Everybody knows that Enrico Caruso, born 150 years ago this weekend, was a great singer. Less well remembered is that he was once also the subject of allegations foreshadowing the “Me Too” movement. Indeed, this fact might be entirely forgotten now had it not been immortalised by James Joyce in not one but two literary masterpieces.
The Caruso indecency trial of 1903 would have been a media sensation even if the events in question had not taken place in the monkey house of New York’s Central Park Zoo. There, one day, a policeman allegedly observed him for 45 minutes making unwanted contact with a series of females. But the subsequent charges centred on one named complainant, a Mrs Hannah Graham from the Bronx, whose posterior he was said to have pinched.
Unfortunately for the prosecution, she could not be produced in court. And despite intense press interest, nobody of her name was found to be living at the specified address.
Even so, Caruso was convicted and fined $10, under bitter protest. By telegram to his father in Naples, as widely reported, he wrote: “I swear on your sacred white hairs that I am innocent.”
A young Joyce, himself a tenor, was indignant on Caruso’s behalf, predicting the American police would be arresting the monkeys themselves next.
But he later referenced the trial comically in both Ulysses, where Leopold Bloom’s Nighttown fantasy includes similar accusations from “Mrs Hanna Tallboys”, and Finnegans Wake. In the latter, the scene becomes Dublin’s “Fiendish Park”, and the protagonist is said to have committed vague but sexual improprieties “while admiring the monkeys”.
An unwitting victim of the New York case was a chimpanzee named “Knocko”. Already a zoo favourite, he became a celebrity as a result of the trial and, while playing to greatly increased galleries, overexerted himself fatally within days.
As for Caruso, his career survived the humiliation. Audiences believed or forgave him. And according to an essay by the late Joycean scholar Ruth Bauerle, there are grounds for seeing the trial as in part “a battle between a largely Irish immigrant police” and an emerging, rival Italian population.
In this context, a comment from the deputy police commissioner afterwards, recorded in this newspaper’s coverage, seems telling. In what may or may not have been a euphemism for Italians, he said that police were determined to end “the insulting of women by fashionably dressed men” in Central Park.
This weekend also marks the 208th anniversary of Napoleon’s escape from Elba, which launched the so-called “Hundred Days”. It’s not an important-sounding milestone, I know, unless you round it down. As indeed they did with the “Hundred Days”, which was actually 110 days, even by the official count.
That doesn’t begin until March 20th, when Bonaparte entered Paris. And it extends well beyond the Battle of Waterloo, to when King Louis XVIII was restored.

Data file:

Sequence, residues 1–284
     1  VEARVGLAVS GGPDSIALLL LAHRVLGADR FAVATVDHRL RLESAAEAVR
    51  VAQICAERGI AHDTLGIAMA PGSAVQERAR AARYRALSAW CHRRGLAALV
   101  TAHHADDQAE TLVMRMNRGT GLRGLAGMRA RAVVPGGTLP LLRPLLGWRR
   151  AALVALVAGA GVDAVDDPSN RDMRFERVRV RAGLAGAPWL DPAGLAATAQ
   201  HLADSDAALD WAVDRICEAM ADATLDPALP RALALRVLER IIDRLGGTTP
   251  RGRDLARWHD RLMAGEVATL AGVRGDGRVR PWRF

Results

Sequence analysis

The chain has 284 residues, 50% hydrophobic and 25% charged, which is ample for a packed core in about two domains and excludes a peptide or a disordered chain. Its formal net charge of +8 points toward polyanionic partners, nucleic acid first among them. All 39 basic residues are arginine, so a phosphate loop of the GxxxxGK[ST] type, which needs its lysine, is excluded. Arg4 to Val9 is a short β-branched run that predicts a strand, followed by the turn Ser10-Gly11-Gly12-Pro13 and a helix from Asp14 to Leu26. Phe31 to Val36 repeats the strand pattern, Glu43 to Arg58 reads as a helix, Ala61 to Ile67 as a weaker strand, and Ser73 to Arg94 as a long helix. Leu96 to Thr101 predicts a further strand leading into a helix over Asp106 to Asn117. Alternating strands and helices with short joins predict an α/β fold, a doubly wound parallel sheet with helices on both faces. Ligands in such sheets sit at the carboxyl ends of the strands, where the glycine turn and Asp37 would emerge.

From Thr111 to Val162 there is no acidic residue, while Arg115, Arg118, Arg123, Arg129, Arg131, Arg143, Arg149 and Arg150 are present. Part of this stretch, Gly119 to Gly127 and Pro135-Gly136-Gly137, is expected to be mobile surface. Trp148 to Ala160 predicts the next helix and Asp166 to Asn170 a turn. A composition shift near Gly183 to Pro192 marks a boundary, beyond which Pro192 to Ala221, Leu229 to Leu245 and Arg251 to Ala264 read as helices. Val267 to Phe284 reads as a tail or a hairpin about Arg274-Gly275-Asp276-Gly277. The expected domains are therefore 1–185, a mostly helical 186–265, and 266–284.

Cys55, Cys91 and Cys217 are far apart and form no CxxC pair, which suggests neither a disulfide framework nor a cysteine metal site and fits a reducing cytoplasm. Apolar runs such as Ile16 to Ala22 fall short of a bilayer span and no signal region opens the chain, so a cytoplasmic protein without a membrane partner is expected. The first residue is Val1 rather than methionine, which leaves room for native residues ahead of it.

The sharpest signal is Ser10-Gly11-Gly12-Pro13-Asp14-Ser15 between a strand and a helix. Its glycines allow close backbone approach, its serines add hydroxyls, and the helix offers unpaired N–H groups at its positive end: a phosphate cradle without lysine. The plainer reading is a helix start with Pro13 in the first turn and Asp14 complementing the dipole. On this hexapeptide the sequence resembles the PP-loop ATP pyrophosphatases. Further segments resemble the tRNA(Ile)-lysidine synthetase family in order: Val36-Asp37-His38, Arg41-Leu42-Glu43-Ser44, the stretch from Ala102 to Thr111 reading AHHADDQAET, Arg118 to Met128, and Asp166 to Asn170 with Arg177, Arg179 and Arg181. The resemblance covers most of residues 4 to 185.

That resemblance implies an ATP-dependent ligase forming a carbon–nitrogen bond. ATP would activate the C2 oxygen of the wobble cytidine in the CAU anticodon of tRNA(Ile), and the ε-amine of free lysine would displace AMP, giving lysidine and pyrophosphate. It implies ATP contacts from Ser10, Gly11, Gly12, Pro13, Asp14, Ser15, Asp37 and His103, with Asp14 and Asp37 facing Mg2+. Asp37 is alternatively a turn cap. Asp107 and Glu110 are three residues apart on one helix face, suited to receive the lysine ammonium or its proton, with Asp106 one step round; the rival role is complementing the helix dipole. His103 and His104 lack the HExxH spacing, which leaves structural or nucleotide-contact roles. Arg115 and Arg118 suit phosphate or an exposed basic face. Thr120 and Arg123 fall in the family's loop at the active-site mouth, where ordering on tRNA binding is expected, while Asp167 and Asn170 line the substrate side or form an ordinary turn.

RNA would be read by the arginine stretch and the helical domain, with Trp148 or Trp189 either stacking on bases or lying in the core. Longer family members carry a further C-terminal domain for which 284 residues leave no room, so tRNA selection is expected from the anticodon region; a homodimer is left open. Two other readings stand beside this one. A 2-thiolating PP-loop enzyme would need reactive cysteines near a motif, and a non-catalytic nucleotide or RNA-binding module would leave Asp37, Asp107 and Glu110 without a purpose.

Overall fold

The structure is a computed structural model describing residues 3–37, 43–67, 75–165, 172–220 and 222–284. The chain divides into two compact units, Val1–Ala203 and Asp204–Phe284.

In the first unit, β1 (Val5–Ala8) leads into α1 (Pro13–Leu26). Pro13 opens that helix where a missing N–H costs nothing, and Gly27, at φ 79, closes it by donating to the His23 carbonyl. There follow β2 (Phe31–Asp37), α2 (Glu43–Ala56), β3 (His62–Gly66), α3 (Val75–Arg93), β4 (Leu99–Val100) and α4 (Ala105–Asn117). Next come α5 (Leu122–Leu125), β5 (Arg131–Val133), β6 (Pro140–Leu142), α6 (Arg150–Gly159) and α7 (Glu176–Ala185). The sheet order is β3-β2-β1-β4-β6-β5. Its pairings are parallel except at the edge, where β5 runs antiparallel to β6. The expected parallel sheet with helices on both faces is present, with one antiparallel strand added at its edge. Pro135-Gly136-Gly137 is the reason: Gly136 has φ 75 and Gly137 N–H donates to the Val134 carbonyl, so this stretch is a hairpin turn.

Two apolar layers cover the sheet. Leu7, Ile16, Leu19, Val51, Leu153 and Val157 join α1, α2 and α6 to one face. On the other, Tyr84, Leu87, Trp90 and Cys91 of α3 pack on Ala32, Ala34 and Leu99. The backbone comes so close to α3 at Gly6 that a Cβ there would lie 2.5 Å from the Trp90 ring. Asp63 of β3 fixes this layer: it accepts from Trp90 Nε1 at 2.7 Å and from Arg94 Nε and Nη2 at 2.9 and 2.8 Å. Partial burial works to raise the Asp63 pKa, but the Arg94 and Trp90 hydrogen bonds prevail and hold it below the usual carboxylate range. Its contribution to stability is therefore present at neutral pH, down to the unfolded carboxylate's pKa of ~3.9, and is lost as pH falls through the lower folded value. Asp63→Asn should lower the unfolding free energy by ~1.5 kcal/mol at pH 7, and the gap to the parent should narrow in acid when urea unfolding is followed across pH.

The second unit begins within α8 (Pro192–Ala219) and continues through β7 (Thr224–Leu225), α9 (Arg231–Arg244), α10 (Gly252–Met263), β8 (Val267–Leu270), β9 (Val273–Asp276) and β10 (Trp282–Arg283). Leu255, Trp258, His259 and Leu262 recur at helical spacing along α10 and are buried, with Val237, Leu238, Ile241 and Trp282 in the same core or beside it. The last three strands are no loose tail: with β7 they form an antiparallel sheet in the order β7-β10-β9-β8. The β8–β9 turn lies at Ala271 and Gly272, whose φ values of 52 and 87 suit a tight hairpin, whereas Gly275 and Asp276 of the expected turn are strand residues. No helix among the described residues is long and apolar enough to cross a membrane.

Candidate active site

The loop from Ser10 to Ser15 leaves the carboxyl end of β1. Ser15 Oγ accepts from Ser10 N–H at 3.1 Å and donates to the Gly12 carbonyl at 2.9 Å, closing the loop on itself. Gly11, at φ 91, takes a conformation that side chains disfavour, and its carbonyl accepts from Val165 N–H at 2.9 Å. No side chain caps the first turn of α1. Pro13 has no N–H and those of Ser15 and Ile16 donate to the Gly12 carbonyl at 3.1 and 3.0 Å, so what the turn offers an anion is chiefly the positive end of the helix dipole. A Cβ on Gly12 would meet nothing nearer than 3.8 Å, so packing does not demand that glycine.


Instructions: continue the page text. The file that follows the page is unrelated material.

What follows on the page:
Even so, the latest anniversary is an excuse to recall a famous (and 208-year-old) example of the media shamelessly accommodating itself to the will of the powerful, a theme more popular than ever these days, especially on Twitter.
It’s a series of headlines, originally credited to the French state newspaper, reporting Napoleon’s progress as follows:
“9th March, the cannibal has quitted his den. 10th, the Corsican Ogre has landed at Cape Juan. 11th, the Tiger has arrived at Gap. 12th, the Monster slept at Grenoble. 13th, the Tyrant has passed through Lyons; 14th the Usurper is directing his steps towards Dijon, but the brave and loyal Burgundians have risen en masse and surrounded him on all sides. 18th, Bonaparte is only sixty leagues from the capital; he has been fortunate enough to escape the hands of his pursuers. 19th, Bonaparte is advancing with rapid steps, but he will never enter Paris. 20th, Napoleon will, tomorrow, be under our ramparts. 21st, the Emperor is at Fontainebleau. 22nd, His Imperial and Royal Majesty, yesterday evening, arrived at the Tuileries, amidst the joyful acclamations of his devoted and faithful subjects.”
This blow-by-Fontainebleau summary has been endlessly repeated ever since, by writers including Alexandre Dumas, as actual press history. But according to intrepid American journalist David Montgomery, and his French history podcast The Siècle, it never happened.
Montgomery knows this because (a) he took the trouble of reading every issue of the state newspaper for the dates in question and (b) because he also found the true original. That was a satirical piece in a different French paper, dated March 25th, 1815, deliberately lampooning the royalists’ climb-down.
Among the many commentators taken in by the joke in subsequent centuries, it seems, was this paper’s own comic genius, Myles na gCopaleen. He quoted it twice as a commentary on censorship, once in 1944, from an unspecified source, and again, in 1957, crediting a book by Isaac Disraeli.
Maybe it’s even worse than people say.
Not only is satire dead, the funeral was 208 years ago.